Fat Girls Deserve Fairytales TooThe Rejection of Tropes in “This Is Just My Face: Try Not To Stare”

This Is Just My Face book coverBook Reviews{ Houghton Mifflin Harcourt }
Released: May 1, 2017

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Fat girls are rarely granted space in fairytales. We’re told through the five percent of television characters that are plus-size and the warped media depictions of fat women as asexual and weight-obsessed that happy endings are reserved for thin women. The “tragic fat girl” trope is trotted out again and again in media to remind plus-size women that we’ll never be content until we’re in the Body Mass Index’s “normal weight” category.

In her honest memoir, This Is Just My Face: Try Not to Stare, Gabourey Sidibe completely upends and rewrites this fatphobic script. Over the course of 18 essays, the Academy Award-nominated actress presents the subversive notion that plus-size women, especially plus-size Black women, are enough. We’re deserving of love, especially in a weight-biased culture that makes assumptions about the health and worthiness of our bodies. Whether that’s detailing how she landed her title role in Precious or explaining how she’s honed her fashion instincts by hiring a plus-size stylist who understands her body, Sidibe is full of the happiness we should all be guaranteed—no matter our size.

However, Sidibe’s journey to happiness hasn’t been a crystal stair. She’s born to an abusive Sengalese father who marries her Black American mother to earn American citizenship. Her father wanted Sidibe and her brother, Ahmed, to fear him because “he saw fear as a sign of respect.” His abrasive approach to parenting was designed to break Sidibe and force her into subservience. She fought instead. Her mother did too—after Sidibe’s father married his cousin, had a child with her, and moved her to the US.

While she could’ve written a self-help book, as many celebrities are wont to do, Sidibe recognized that sharing her tumultuous life journey would be more impactful. She delves deep into her own demons throughout the book. For instance, Sidibe explores the impact an eating disorder, panic attacks, and depression had on her in various periods of her life. After her parents separated, Sidibe moved with her mother and her brother to a single bedroom in her aunt’s three-story home. Her mother then left her job as a teacher’s aide to sing to passengers boarding NYC’s subway system. The sudden uprooting induced Sidibe’s initial panic attacks.

“That was the summer my panic attacks started,” she wrote. “I remember crying and complaining that I couldn’t breathe. It’s easy to see now that with my parents’ separation, my new stepmom and brother, moving into my aunt Dorothy’s house, my fireworks accident, the antibiotics I had to take for my foot—along with the diet pills—life was out of control for me.”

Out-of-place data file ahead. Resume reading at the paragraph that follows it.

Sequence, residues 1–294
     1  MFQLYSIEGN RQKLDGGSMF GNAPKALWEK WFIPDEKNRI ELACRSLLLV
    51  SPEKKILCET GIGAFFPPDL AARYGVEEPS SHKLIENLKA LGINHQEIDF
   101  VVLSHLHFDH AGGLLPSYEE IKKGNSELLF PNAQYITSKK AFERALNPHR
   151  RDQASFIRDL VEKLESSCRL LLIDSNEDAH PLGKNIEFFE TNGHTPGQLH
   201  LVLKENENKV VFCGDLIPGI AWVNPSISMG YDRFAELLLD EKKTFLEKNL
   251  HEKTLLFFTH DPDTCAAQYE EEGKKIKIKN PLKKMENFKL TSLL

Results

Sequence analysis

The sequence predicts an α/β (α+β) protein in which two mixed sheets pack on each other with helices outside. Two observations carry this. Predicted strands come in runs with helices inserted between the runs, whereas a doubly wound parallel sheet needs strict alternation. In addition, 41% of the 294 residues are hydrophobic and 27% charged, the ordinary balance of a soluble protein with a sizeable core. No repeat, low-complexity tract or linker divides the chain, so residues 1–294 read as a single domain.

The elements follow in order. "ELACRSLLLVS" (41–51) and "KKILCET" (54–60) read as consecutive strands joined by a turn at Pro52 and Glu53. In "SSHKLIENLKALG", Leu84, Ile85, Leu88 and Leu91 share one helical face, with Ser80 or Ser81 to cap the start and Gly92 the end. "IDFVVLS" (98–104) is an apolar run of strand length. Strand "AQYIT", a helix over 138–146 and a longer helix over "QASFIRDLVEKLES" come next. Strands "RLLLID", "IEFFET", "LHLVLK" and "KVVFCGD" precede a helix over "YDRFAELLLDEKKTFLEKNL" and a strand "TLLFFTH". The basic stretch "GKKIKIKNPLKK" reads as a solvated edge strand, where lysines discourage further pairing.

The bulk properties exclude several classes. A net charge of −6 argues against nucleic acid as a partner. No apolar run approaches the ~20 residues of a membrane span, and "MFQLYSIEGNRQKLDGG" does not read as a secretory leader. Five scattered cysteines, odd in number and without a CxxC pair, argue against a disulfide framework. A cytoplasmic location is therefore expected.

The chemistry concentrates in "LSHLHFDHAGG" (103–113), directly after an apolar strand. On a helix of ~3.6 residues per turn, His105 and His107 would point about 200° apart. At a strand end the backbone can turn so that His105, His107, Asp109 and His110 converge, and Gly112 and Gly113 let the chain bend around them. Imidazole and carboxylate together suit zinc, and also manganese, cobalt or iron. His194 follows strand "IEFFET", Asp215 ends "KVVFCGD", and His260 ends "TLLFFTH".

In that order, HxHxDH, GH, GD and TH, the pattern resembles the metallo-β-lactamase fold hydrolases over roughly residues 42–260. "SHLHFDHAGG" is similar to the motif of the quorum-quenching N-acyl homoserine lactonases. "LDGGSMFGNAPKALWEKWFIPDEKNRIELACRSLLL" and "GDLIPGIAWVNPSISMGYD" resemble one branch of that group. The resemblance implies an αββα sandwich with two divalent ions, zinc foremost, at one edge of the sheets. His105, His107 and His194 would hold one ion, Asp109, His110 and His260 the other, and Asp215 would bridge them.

She continued to battle panic attacks throughout high school and college, though she eventually sought therapy and learned to cope with triggers. Sidibe’s honesty is refreshing. The cultural idea that tragedy and harm builds character isn’t present within her book. She doesn’t hide from her monsters. Instead, she boldly uses her life as an example for other people who feel inadequate about their lives and their bodies.

Sidibe’s confidence radiates throughout the book, but the moments when she’s honest about her internal dialogue resonate the most. For instance, as she ponders whether or not to undergo weight loss surgery, Sidibe confesses that she still struggles to love her body.

“My body sometimes feels like a tragedy, but I’m trying very hard to change my mind about that,” she wrote. “This is my body. It’s going to be with me forever. For all the ways it’s failed me, it’s come through for me a million times more.”

As body positivity has become a mainstream movement, its actual roots in fat acceptance have been diluted in favor of the “all bodies are good bodies” mantra. While all bodies are indeed good bodies, fat acceptance fought for Sidibe—and all plus-size people—to unapologetically exist in thin spaces, like Hollywood. Fat acceptance pushes for the erasure of weight stigma so that plus-size people can live freely without fear of discrimination. Sidibe knows firsthand the judgments made about fat people.

“I can’t tell you how many times I had to hear, ‘I have to admit something. I thought that fat people were stupid, I thought they were lazy, and I thought they smelled bad. But meeting you, I realize that you’re a normal person like me.” she wrote. “…What the fuck, right?”

Those assumptions undergird the importance of This Is Just My Face. The Empire actress has long been a model for plus-size women seeking happiness in a fatphobic world designed to shame us. She doubles down on that commitment in her memoir. Ultimately, self-love is Sidibe’s guiding principle. No matter what obstacles she encounters—an eating disorder, an abusive father, feeling inadequate while walking red carpets with thin white starlets, a magazine editor calling her a “fat Black bitch”—affirming herself has been central to her journey.

Self-love should be at the center of all our journeys as well. Fat girls deserve happy endings—period.

by Evette Dionne
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Evette Dionne is Bitch Media’s editor-in-chief. She’s all about Beyoncé, Black women, and dope TV shows and books. You can follow her on Twitter.

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